I think "digital minds can't be conscious" is an uncommon position among EAs 

Maybe Rob Long?

I think it would be very topical to have a debate about how much the EA community should focus on AI safety given rapid progress.

THB we should strongly disapprove of working at an AI lab, even on a safety team

There's been a lot of debate on the forum about whether StrongMinds should be considered a high impact charity. I think Ishaan (Principal SoGive Analyst and author of this work on StrongMinds) would have some good contributions to make on this.

Should the Existential Risk community collaborate with agents of doom (or make it more specific eg OpenAI or Anthropic should be treated as an enemy and not a friend)

This house believes that the strategy of developing advanced AI capabilities alongside safety techniques (as OpenAI does) increases AGI x-risk

THB EAs should stop working at major AI labs

Fundamental questions about AI, like:

  • What exactly is AGI / superintelligence?
  • Are large language models a precursor to AGI?

AGI is more likely to save us from all-cause existential risk than it is likely to kill us all. 

This question needs a time frame, I think.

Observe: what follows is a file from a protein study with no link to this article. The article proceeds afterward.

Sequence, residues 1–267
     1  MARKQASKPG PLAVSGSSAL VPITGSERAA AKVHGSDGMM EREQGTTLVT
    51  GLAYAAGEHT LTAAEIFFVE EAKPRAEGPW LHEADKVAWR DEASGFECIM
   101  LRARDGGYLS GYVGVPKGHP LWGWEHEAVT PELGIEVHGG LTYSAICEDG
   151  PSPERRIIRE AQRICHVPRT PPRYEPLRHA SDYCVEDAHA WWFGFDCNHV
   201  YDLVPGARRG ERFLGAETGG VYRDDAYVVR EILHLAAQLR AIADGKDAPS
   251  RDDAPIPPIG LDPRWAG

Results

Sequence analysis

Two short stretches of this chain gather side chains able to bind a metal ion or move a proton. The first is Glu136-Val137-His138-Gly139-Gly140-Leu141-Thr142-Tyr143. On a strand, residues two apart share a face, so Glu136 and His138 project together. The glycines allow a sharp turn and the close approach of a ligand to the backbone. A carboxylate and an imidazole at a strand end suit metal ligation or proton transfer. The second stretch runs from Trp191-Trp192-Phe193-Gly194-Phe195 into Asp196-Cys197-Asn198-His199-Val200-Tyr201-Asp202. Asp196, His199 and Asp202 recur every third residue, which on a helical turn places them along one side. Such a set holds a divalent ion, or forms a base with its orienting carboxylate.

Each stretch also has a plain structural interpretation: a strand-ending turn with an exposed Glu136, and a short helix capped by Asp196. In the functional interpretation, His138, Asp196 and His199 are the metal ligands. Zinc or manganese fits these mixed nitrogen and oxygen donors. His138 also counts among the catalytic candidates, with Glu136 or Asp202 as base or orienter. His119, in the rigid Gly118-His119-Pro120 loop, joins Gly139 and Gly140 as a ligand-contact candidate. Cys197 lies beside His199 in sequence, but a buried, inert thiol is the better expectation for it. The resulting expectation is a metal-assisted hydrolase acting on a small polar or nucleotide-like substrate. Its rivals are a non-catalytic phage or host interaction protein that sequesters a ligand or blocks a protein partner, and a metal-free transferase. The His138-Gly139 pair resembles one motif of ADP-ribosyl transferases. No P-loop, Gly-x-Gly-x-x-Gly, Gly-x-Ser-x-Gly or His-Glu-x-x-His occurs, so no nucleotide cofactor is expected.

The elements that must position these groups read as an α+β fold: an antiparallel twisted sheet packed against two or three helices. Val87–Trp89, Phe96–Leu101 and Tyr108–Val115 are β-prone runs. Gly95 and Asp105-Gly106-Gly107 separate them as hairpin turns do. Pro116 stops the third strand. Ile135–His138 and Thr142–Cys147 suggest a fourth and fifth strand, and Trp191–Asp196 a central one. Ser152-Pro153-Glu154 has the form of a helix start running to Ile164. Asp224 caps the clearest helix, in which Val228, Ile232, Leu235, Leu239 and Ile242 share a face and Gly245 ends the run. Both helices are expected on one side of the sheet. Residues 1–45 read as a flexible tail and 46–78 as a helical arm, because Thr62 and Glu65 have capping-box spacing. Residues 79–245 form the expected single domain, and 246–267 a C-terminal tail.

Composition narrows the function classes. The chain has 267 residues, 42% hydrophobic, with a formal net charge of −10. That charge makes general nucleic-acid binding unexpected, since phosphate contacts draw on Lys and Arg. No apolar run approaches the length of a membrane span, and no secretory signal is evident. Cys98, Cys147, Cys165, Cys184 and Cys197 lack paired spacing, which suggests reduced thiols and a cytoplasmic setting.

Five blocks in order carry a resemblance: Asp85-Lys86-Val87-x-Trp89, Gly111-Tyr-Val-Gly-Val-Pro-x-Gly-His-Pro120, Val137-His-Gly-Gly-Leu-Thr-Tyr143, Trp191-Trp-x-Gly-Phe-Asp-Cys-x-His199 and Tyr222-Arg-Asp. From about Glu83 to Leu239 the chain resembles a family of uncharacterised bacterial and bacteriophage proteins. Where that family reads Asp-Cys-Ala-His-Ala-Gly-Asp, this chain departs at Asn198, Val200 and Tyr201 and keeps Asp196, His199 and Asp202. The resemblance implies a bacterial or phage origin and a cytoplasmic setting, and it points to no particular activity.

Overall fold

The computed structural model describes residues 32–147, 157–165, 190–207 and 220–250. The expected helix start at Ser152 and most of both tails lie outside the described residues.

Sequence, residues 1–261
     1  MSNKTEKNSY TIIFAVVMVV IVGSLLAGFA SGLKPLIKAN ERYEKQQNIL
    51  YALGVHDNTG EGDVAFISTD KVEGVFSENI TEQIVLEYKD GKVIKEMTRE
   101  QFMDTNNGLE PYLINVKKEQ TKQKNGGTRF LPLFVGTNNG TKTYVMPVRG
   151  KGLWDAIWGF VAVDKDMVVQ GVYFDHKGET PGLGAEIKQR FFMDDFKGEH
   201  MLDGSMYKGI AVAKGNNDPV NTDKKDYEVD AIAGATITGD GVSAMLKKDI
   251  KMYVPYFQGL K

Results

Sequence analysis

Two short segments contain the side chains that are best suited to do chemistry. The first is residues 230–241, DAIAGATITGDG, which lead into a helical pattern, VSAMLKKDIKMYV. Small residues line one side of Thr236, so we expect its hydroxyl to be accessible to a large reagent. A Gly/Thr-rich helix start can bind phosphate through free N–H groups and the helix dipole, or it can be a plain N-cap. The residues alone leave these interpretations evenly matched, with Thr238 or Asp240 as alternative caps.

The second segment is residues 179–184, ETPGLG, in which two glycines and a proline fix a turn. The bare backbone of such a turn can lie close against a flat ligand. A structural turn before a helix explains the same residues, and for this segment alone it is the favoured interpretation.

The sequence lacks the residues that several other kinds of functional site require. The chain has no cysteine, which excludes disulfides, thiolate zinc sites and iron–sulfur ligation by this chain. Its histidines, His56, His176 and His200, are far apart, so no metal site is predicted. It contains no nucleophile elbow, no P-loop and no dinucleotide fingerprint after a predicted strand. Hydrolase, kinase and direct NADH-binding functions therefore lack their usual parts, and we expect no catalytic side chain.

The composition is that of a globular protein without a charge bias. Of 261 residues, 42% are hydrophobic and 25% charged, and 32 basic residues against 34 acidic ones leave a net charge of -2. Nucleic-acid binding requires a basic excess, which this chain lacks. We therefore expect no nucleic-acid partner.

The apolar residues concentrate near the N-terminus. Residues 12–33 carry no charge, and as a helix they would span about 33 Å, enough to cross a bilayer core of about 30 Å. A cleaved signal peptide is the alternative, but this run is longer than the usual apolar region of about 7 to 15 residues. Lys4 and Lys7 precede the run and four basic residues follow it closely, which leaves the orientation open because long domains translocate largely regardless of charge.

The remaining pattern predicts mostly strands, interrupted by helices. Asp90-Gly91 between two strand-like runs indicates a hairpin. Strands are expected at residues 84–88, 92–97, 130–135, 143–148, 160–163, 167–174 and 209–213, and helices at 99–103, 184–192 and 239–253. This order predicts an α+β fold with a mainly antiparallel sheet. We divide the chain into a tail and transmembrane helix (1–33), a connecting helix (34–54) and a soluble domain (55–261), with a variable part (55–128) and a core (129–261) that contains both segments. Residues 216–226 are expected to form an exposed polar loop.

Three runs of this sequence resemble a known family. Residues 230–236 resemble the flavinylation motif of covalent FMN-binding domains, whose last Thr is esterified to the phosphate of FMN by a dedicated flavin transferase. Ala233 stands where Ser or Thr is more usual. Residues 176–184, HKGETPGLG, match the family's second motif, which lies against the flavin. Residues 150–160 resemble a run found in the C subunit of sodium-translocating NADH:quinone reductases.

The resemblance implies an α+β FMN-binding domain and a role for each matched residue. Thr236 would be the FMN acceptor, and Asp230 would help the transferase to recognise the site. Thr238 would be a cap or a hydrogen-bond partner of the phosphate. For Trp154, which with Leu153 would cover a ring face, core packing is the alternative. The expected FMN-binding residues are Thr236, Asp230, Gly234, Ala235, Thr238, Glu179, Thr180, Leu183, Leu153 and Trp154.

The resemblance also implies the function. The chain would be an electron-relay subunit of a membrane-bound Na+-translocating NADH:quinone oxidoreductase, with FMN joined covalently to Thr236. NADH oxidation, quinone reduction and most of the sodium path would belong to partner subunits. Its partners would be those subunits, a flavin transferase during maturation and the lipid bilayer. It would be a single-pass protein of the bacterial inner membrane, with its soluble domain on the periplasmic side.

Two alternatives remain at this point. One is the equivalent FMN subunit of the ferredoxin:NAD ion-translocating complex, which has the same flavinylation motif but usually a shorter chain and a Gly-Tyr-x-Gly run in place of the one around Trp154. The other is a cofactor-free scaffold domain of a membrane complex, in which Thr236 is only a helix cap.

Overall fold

Pro:  Willard Wells

Nathan -- good idea. 

In my experience, the most interesting and valuable debates happen when the debaters are about 60-70% in agreement about a significant issue, but have significant differences in their prioritization of issues, their values and world-views, their professional backgrounds, and/or their preferred strategies and policies.

And, of course, steel-manning the opponents' arguments should be an important and formalized part of any debate.

THB that EA-minded college freshmen should study Computer Science over Biology

Highly effective causes saturate, making it impossible to distribute large sums of money especially more effectively.

THW double the size of EA.

EA should add systems change as a cause area - Macaskill or Ord v. [Someone with a view of history that favors systems change more who's been on 80k hours].

From hazy memory of their episodes it seems like Ian Morris, Mushtaq Khan, Christopher Brown, or Bear Braumoeller might espouse this type of view.

Make it an 'undebate'. 10 points for every time you learn something, and 150 points for changing your mind on the central proposition.